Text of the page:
PublishedTue, 26 Oct 2021, 18:05
- Last Saturday, Jeanne-Mance Park was filled with people of all ages dancing and waving placards.
Thousands of people gathered in Montreal on Saturday, October 23rd, to protest against the ban on indoor dancing.
People gathered at Jeanne-Mance Park for "Open Dance Floors / Ouvrir Les Pistes De Danse." The crowd was varied, with hardcore ravers who had rolled through from the night before alongside kids and older heads who have been visiting local club Stereo since 1998. For everyone, the demands of the protest were clear: lift the restrictions surrounding nightlife and allow venues to reopen.
In Canada, restrictions related to Covid-19 are dictated by provincial governments. Since the beginning of the pandemic, the Quebec government, which oversees Montreal, has placed restrictions on all indoor music venues. As of November 1st, restaurants and bars can open at full capacity, but the no-dancing rule remains. (Only Quebec and British Columbia continue to ban dancing in bars and nightclubs.)
For Montrealers wanting to dance, the only legal options have been outdoor summer events like MUTEK and Piknic Électronik. With winter around the corner, participants in the nightlife scene say they're desperate for indoor spaces, especially as in nearby cities such as Toronto, New York and Chicago, venues are already open. With Montreal's vaccination rate currently over 80 percent, much of the scene feels strongly that it's time to reopen.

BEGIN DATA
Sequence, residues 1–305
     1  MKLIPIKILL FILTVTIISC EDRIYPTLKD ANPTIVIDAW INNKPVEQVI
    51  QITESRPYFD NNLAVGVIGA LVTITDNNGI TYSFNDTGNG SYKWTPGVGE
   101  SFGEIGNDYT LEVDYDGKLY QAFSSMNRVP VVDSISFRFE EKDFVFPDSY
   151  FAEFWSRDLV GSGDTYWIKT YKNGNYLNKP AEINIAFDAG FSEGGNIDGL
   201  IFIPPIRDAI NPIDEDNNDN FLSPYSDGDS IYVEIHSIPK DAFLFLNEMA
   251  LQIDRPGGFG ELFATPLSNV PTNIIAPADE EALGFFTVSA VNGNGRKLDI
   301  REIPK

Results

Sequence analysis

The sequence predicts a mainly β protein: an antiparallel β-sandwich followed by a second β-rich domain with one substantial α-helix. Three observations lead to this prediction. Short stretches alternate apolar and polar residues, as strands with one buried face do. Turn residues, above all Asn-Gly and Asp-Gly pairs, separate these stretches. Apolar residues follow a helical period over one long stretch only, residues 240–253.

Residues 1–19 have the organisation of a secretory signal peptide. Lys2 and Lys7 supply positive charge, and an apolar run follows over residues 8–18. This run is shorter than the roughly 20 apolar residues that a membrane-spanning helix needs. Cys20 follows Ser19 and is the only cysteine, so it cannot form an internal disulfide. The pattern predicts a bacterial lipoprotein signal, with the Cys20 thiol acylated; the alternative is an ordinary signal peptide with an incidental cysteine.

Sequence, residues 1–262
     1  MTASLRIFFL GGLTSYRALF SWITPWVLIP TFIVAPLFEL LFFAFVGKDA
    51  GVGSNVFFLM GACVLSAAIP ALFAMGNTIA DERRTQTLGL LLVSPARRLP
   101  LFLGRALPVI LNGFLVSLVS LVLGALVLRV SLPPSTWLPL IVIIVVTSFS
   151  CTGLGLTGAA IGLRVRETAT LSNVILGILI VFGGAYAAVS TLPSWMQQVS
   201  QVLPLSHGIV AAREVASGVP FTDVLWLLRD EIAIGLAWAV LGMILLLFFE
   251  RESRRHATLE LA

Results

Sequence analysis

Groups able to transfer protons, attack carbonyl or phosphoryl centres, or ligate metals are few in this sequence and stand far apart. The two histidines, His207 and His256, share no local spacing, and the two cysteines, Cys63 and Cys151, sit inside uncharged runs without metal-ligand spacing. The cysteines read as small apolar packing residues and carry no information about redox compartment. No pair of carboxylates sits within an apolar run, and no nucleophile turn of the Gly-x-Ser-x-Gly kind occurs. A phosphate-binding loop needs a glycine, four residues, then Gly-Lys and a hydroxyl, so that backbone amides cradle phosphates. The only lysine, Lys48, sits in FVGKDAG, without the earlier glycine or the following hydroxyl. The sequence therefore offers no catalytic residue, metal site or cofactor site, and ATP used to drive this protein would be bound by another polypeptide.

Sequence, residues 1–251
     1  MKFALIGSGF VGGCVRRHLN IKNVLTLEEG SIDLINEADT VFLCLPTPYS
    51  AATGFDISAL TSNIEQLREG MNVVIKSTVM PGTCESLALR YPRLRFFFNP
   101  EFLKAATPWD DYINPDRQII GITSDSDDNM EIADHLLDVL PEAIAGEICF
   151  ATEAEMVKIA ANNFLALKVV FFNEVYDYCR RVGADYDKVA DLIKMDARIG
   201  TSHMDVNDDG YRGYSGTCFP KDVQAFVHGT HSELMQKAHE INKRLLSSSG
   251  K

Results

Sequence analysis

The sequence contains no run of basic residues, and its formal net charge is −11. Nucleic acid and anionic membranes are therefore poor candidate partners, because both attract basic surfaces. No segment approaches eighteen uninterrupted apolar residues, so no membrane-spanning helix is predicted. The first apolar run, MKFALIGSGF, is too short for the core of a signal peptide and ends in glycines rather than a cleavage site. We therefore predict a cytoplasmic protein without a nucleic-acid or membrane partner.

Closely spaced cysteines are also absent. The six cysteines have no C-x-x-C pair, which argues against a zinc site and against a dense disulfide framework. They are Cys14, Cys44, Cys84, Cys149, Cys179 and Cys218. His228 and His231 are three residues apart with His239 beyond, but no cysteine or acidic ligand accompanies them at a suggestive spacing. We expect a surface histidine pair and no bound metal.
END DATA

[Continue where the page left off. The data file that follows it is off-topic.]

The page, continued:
"We've waited long enough and, honestly, I don't think that any of us can go another winter without raving," said one attendee on Saturday, who wished to remain anonymous.
The protest was originally meant to be a short march, starting at Jeanne-Mance Park and ending at Place des Arts. But because there was no official plan to close the streets, plus safety concerns regarding the DJs playing in moving vehicles, the organisers and the authorities came to a compromise and the march became a protest. Overall, the event was peaceful, with no signs of police brutality.
Open Dance Floors was a collaboration between various organizers: clubs like Stereo, Club Unity, Le Salon Daomé and New City Gas, plus techno collective OCTOV and non-profit organisation MTL 24/24. The protest was divided into four main stages, all with good soundsystems and proper dance floors. OCTOV thumped out fast-paced techno. Omnia, known for their summer festival, went for psytrance and jump-up drum & bass. Club Unity, which sits in the heart of Montreal's gay village, played house and tech house. The main attraction, though, was perhaps the Stereo stage, where Misstress Barbara threw down an energetic set.
"When we see concerts and shows with people dancing and singing with no masks on... we just now look at it and say it's not fair," Mike Rein, co-owner of Stereo, told CBC News. "We're OK with masks, we're OK with passports, we're OK with everything. We just want the right to open."
Here's a clip of the protest via Misstress Barbara's Instragram account.
Photos: Betty Bogaert